House to Vote on Student Loan Bill That Allows Loan Modifications

September 19, 2022 by Tom Ramstack
House to Vote on Student Loan Bill That Allows Loan Modifications
Entrance of the U.S. House of Representatives. (Photo by Dan McCue)

WASHINGTON — The U.S. House of Representatives is scheduled to vote Wednesday on a bill that would allow married couples with consolidated student debt to pay down their loans separately.

The Joint Consolidation Loan Separation Act is part of a broader Biden administration plan to reduce college debt that can follow borrowers for decades after graduation, hurting their ability to build wealth.

Until 2006, federal law allowed married couples to combine their student loan balances into one monthly payment with a goal of making the debt more affordable. More than 14,700 people consolidated their debt under the program, according to the Student Borrower Protection Center.

A problem with the program was that each borrower remained liable for the debt of the other partner, even if the marriage degraded into an abusive relationship or ended in divorce. It left the spouses with no way to get out of the joint debt.


The program started in 1993 but Congress ended it in 2006. The consolidated debt continues for thousands of the borrowers.

The proposed legislation would allow borrowers to apply to the Department of Education to sever their consolidated loan into separate loans.

The Senate approved the proposal in June, overcoming concerns by some Republicans that it gave the Education Department too much discretion in modifying contracts for loan repayments.

The House Rules Committee held a hearing on the bill Monday to discuss any remaining concerns before the vote.

“It’s time we do something about it,” said Rep. James McGovern, D-Mass., chairman of the House Rules Committee.

In some cases, one deadbeat spouse might take advantage of another by forcing them to pay off their debt, which was never the intent of the original program, McGovern and other lawmakers said. Other spouses lose their desire to help their partners pay off their debt amid physical or mental abuse.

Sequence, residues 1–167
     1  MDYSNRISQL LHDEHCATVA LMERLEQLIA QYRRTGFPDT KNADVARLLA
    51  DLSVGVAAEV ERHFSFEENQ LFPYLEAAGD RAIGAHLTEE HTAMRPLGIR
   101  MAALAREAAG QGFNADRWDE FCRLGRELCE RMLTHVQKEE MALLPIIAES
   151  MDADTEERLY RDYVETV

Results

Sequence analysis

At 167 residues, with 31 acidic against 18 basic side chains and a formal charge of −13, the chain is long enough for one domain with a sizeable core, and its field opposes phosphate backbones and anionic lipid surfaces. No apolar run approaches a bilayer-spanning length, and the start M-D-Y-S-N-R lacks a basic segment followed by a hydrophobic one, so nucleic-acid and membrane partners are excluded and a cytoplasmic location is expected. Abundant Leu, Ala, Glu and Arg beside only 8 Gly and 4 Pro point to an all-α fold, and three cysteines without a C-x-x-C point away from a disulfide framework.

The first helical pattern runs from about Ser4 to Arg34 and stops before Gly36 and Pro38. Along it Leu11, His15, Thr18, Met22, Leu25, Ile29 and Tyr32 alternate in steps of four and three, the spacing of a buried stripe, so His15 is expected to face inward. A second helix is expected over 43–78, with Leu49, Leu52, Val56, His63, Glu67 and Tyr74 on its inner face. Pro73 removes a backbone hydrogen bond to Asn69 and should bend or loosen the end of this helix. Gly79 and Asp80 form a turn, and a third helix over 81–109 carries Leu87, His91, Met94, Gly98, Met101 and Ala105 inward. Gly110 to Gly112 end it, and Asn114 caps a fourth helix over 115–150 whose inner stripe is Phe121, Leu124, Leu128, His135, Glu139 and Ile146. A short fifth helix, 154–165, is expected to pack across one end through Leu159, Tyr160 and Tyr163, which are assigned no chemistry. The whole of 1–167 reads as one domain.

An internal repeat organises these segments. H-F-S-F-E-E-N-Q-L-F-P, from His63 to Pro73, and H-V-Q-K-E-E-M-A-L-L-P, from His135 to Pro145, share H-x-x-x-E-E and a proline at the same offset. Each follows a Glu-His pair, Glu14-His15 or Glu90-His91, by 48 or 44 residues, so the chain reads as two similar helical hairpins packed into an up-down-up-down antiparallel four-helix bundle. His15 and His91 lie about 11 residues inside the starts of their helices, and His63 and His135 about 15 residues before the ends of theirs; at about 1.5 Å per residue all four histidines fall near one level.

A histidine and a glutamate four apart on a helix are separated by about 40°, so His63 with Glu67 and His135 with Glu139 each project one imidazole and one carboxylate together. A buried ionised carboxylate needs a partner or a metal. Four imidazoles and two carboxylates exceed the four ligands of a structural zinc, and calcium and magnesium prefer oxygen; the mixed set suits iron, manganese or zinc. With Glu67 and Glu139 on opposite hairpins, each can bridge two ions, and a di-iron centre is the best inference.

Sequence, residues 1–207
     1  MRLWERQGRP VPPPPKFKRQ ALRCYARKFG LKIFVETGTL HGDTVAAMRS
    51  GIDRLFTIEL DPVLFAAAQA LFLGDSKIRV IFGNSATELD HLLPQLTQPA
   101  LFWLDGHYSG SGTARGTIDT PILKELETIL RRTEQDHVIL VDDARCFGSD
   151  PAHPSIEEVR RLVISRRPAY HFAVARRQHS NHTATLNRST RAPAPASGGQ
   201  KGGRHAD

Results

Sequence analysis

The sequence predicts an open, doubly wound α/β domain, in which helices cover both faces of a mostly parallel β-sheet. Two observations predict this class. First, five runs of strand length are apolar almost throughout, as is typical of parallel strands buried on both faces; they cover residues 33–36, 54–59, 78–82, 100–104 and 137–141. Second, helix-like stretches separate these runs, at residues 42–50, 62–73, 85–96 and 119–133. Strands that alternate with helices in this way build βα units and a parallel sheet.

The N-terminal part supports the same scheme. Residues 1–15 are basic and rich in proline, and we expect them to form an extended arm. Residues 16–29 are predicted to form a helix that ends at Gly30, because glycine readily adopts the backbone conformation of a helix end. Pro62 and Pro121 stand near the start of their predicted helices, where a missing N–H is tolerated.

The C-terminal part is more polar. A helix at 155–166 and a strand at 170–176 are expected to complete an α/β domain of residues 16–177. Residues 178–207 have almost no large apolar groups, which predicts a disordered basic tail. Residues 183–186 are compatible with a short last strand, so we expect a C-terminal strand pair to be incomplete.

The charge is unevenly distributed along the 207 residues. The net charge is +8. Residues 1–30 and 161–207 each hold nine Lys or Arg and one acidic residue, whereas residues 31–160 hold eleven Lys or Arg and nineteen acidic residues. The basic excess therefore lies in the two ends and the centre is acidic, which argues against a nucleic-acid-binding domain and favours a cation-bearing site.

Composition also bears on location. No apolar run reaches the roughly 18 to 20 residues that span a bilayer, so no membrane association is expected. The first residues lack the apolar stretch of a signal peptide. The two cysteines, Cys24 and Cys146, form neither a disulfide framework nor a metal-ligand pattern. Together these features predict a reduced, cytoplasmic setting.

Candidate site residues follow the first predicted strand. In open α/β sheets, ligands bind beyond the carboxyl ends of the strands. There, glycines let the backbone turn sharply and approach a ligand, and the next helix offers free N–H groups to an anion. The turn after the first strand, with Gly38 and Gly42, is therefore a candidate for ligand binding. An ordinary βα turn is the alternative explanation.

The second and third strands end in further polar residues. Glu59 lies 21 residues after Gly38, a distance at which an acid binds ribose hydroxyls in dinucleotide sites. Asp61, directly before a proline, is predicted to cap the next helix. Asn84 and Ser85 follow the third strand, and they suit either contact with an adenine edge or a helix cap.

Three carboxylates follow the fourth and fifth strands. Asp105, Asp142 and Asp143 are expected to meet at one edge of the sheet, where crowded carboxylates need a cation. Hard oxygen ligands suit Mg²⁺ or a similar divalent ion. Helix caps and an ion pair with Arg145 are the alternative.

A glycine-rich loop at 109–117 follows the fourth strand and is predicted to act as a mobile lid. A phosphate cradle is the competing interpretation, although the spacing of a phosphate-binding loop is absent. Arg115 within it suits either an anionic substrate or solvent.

“Victims of domestic violence or economic abuse should never have to pay the debts of their abuser,” McGovern said.


Republicans agreed with the intent of the bill but said what they called “vague” language could thwart its purpose.

Rep. Virginia Foxx, R-N.C., said the bill uses ill-defined standards to determine how the student debt should be separated between joint borrowers.

“In some cases, this could leave the abused spouse with an economic burden that does not belong to that person,” Foxx said.

If there is doubt about whether to grant an application for separate loans and how the debt should be allocated, the Department of Education has few restrictions on making the final decision, she said. 

“It fails to protect taxpayers,” Foxx said.

Despite the Republican concerns, Democrats prevailed in marking up the Joint Consolidation Loan Separation Act for a final vote.

“This bill does not solve the student debt crisis, it takes another step,” said Rep. Bobby Scott, D-Va.

A bigger step was taken last month when President Joe Biden announced the federal government would cancel $10,000 in student debt for borrowers who earned less than $125,000 a year. The executive order is eliminating or reducing the debt for an estimated 43 million Americans.

It also made Republicans warn the debt cancellation would contribute to inflation.


Tom can be reached at [email protected] or on Twitter at @tramstack.

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